Balls, bribery, bombshells: 5 insane sports scandals

Colleen Drangines, Sports Editor

Sports professionals are frequently viewed as more divine than human, making it all the more difficult for fans when players and coaches of their favorite teams wind up involved in a front-page scandal. Over the decades, these infamous events in the world of athletics have ranged from heartbreaking to bewildering. Here is a breakdown of some of the most scandalous transgressions to plague sports across the globe:

Colts make a sweet escape

When the fight-or-flight response kicks in, the option to run away and start over can be quite appealing. That is exactly the approach taken by Robert Irsay, former owner of the then-Baltimore Colts, in 1984.

When Irsay took command of the Colts in 1972, the team was at the top of its game after bringing home a victory in the 1971 Super Bowl. The change in leadership, however, appears to have triggered a downward spiral. The Colt’s reputation became so negative that Baltimore’s first overall pick in the 1983 draft refused to join the team.

Irsay was also known to have a violent temper, which likely played a role in the unsuccessful negotiations to renovate the city’s stadium in 1984. Once the government got involved, time was up for Irsay and the Colts. The Maryland state legislature gave the city the ability to seize control of the team. Rather than admit defeat, Irsay packed up his team in the middle of the night, fled the east coast and settled in Indianapolis, Indiana.

The hostility over this drastic move can still be felt in Baltimore, where the Ravens refuse to put the name “Colts” on the scoreboard when they face Indianapolis.

Must be something in the water

Thanks to the Oscar-nominated film “Invictus,” many know the inspiring story of how the South African victory in the 1995 Rugby World Cup helped unite the nation in the post-apartheid era. There have been claims, however, that a plot against the New Zealand All Blacks played a role in the Springboks’ unlikely victory.

According to similar reports from the All Blacks’ doctor and a bodyguard assigned to the team, 27 of New Zealand’s 35 players became violently sick two days before the tournament’s final event. A private investigation indicated this was the result of poisoning of the team’s water and tea by an unknown hotel employee, frequently referred to as “Suzie.”

While it was believed by both sides that this sabotage was intentional, is is accepted that betting syndicates are likely the cause of the attack, with no connection to South African officials.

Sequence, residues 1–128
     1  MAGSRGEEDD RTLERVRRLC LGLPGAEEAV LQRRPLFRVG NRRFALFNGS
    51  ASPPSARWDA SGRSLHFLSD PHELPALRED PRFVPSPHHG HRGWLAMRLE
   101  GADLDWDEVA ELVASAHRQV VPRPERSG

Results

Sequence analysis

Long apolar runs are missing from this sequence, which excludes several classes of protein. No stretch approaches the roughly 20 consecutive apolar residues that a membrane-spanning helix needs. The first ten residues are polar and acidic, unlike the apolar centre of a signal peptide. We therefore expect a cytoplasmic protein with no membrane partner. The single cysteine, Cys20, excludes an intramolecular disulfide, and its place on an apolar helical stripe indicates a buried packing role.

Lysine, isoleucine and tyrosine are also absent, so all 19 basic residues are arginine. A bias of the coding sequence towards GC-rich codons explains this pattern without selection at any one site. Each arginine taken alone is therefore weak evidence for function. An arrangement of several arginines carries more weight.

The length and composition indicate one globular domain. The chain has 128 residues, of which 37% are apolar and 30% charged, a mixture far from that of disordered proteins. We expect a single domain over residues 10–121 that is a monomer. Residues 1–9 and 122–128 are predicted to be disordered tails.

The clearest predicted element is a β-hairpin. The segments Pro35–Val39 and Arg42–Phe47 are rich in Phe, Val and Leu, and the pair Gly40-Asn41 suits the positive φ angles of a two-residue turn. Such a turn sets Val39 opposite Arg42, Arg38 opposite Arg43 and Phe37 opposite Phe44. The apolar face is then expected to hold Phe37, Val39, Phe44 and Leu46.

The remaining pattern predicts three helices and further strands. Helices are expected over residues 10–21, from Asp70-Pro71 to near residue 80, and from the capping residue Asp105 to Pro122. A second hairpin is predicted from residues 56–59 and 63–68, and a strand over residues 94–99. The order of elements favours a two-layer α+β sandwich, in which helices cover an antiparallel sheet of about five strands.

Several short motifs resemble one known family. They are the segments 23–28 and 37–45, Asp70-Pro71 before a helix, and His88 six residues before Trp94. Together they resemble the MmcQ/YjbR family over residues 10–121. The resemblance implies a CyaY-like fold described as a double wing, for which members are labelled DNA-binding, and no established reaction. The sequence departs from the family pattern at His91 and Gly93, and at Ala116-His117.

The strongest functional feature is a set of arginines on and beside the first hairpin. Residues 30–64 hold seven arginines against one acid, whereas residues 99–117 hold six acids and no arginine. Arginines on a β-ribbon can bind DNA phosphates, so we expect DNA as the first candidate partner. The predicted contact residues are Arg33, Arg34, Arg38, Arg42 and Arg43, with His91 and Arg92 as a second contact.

Marathons are easier if you don’t run them

When Rosie Ruiz was crowned the women’s champion of the 1980 Boston Marathon with perfect hair, hardly breaking a sweat, spectators were astonished by her ability to complete the monumental challenge so effortlessly. It turns out they were right to be skeptical, as days later that title was stripped.

Ruiz, who had completed only one marathon previously, made several suspicious statements, and witnesses later confirmed seeing her join the race in the final mile. The title was then awarded to the rightful winner, Jacqueline Gareau of Canada, and the event has since stepped up security significantly.

Cricket (player) cannot fly

Cricket captain and South African icon Hansie Cronie’s confession of a match-fixing scandal in 2000 resulted in mixed reactions by fans of the sport. Some fans saw the incident as an act of betrayal, while others maintained that Cronie was a good guy who had simply made a few bad decisions.

When Cronie died unexpectedly in a plane crash a few years later, the debate about the scandal intensified. While Cronie’s unfortunate death was originally written off as a tragic accident, many suspect it was no mistake.

It seemed to be common knowledge that many wanted Cronie dead to hide their involvement in his cheating scam. Despite reports of tampering with airport equipment, no investigation has lead to a conclusive result, and whether the full story will ever be uncovered remains to be seen.

Who dat say they gonna bribe them Saints?

In 2012, an investigation into the New Orleans Saints revealed the team to have been running a bounty scandal for years, including during the team’s victory in the 2010 Super Bowl. Funded primarily by the players themselves, bonuses were given for various tasks, including intentionally hurting opposing players.

Appeals and investigations continued for months, ultimately leading to suspensions of players and coaches, notably head coach Sean Payton for not putting an end to the program. A few years down the line, the team appears to have recovered rather strongly.

Some players, however, suspect that lingering bias against the team for the scandal is the root of missed calls, including the missed call in this year’s NFC Championship that many view as the reason for the Saints’ ultimate loss.

Be sure to comment your favorite scandal and add other notable ones below!

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